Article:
> CNAME @ APEX questions:
Actually it is: CNAME besides other RRs, other RRs below DNAME, .... 

> Would I be right in my assumption that if one wants to use the CNAME @
> APEX recursion hack, that the entire ecosystem (both distribution servers
> and cloud servers) would need to be PowerDNS to accomplish this, given
> that BIND and KNOT will not load a zone with CNAME @ APEX?

Knot master will accept CNAMEs/DNAME errors if semantic checks are set to "soft". NSD accepts such zones as secondary. MAybe Bind also accepts them if you disable all the syntax check. Of course, when disabling such check, you can never know if the response is what you expect - as it is not defined how the answer should look  like. For example Knot with CNAME checks disabled responds differently as PowerDNS for CNAMEs at APEX.

So, stop accepting CNAME bugs, and have work arounds for existing zones until the are fixed (I know this is not easy)

> What about DNS software vendor diversity?  Anyone else out there doing
> CNAME @ APEX that you find is a good mix with PowerDNS?
> Capacity questions:
> Can a PowerDNS instance handle 6 million zones and 300 million records?

It depends on the server and the query load. The more queries, the more CPUs you need. The more ressource records you have, the more RAM you need to have.

So, with a very fat server you can handle it.

> Does one backend perform better than the others at this capacity?

Backend perform different. Regardless of the number of records. DB-backends are SLOW, the Bind backend might be compareble to Bind, the lmdb backend is probably the fastest.

> If operating a global anycast network, is the backend database sitting on
> the DNS server itself, or does one dedicate a node or two in each site as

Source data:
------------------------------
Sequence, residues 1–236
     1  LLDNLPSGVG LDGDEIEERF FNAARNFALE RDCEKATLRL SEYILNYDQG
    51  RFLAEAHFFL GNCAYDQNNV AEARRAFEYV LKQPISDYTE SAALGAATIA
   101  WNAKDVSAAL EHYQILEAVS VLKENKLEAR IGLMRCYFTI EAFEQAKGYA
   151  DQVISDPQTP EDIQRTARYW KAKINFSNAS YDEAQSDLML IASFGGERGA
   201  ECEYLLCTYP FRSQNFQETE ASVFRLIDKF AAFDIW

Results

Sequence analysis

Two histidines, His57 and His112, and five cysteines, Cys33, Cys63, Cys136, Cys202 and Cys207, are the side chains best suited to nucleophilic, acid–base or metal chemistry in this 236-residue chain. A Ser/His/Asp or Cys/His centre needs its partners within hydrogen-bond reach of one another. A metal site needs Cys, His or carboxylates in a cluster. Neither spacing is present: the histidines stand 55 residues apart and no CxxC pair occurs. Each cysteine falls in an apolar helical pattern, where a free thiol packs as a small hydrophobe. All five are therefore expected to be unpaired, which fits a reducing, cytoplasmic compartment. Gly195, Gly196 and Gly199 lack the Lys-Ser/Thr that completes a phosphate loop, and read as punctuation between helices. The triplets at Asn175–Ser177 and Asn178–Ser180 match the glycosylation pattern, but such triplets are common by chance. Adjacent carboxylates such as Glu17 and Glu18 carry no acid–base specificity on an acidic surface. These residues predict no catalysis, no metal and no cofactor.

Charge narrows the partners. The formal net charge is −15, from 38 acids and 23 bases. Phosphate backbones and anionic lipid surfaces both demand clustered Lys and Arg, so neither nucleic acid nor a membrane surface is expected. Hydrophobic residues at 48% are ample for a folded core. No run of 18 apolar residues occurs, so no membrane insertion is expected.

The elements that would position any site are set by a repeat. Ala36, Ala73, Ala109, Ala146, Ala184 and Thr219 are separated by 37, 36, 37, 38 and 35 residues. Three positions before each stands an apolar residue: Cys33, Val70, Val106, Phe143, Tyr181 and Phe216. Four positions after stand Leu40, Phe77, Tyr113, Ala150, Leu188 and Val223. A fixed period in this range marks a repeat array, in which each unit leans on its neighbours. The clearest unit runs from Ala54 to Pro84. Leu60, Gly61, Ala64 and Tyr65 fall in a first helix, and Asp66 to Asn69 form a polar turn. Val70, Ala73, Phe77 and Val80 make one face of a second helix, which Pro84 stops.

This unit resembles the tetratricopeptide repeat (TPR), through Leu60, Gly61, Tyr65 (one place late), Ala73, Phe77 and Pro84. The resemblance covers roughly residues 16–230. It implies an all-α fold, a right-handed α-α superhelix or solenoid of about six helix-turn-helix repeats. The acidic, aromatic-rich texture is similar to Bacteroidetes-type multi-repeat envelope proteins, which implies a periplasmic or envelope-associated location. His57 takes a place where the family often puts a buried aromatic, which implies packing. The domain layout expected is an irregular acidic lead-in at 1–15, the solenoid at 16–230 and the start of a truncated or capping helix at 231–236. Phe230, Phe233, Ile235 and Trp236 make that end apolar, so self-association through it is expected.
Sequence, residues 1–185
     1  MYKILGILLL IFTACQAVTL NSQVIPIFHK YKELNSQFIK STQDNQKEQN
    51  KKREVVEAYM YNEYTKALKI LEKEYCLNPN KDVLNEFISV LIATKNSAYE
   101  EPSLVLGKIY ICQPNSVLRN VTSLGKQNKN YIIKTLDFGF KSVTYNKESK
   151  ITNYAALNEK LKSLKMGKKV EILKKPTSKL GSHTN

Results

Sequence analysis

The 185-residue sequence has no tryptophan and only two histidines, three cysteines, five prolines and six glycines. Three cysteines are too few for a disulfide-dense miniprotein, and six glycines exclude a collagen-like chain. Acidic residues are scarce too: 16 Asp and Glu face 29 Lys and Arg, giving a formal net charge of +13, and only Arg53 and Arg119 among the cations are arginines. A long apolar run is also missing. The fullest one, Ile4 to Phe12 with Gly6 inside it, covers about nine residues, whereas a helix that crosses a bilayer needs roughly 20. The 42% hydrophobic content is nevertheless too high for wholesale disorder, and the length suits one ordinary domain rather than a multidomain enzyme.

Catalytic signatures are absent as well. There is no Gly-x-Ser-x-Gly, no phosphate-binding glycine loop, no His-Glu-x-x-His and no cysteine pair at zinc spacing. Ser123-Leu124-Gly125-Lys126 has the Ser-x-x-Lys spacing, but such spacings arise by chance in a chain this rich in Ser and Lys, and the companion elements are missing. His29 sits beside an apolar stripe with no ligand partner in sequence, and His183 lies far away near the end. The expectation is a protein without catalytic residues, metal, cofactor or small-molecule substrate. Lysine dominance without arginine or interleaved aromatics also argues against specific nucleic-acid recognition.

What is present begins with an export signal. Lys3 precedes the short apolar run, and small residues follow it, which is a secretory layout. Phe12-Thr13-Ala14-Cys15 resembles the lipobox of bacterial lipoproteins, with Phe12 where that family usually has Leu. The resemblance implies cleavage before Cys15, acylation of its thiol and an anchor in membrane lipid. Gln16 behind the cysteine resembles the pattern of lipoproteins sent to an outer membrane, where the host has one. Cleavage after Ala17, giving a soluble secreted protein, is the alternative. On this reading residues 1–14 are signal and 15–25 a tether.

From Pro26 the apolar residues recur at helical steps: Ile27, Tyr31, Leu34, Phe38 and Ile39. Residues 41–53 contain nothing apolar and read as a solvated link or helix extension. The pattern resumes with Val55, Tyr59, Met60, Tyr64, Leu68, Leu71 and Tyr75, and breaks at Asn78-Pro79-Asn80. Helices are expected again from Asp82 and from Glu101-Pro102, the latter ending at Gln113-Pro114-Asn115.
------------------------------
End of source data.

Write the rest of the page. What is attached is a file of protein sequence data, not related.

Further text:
> part of a backend database cluster?  How much does an on-server database
> impact query performance?

By using 1 server for PDNS and 1 server for the DB you might achieve more performance if you have in total more CPUs.
But if you use ie 64 cores at 1 server, or 2 servers with 32 cores each, then probably a single server would be faster as accessing the DB via Unix sockets is faster than using TCP (at least with postgresql)

> At what point do you hit the requirement for multiple backends?

This depends where you have your servers. If they are baremetal owned by you, cou can order what you like. If you are in a cloud, you have to see what your cloud provider offers. Server with more than 128G RAM are rare. But you can easily get  easily 10 servers with 32G RAM at the same provider.

So, hardware/VMs limit and growing userbase will probably take you to a setup where each secondary is actually server servers (several frontends and several backend and some kind of load balancing for such a big setup)

> Can anyone provide me a fuzzy number on RAM footprint?
The number of zones does not matter - it is the number of records. Ideally the whole database must be in RAM for accaptable performance, at least the indexes must be in RAM. PowerDNS does not need much RAM, only for the Chache. I guess for 300M records you need around 200GB RAM.

> example:  "I have $x million records, and that's using $y amount of RAM"
> What is the startup timing on a large PowerDNS installation?
With db backend: 1 ms

PS: With that amount of zones and a "normal" mix of customer zones you would probably have 24x7 crap traffic (dictionary queries, random subdomain attacks, ...) which really hurts PDNS with database backends. So, public facing secondaries with DB backend won'T make you happy in the long term, although it is the fastest and reliable way to start.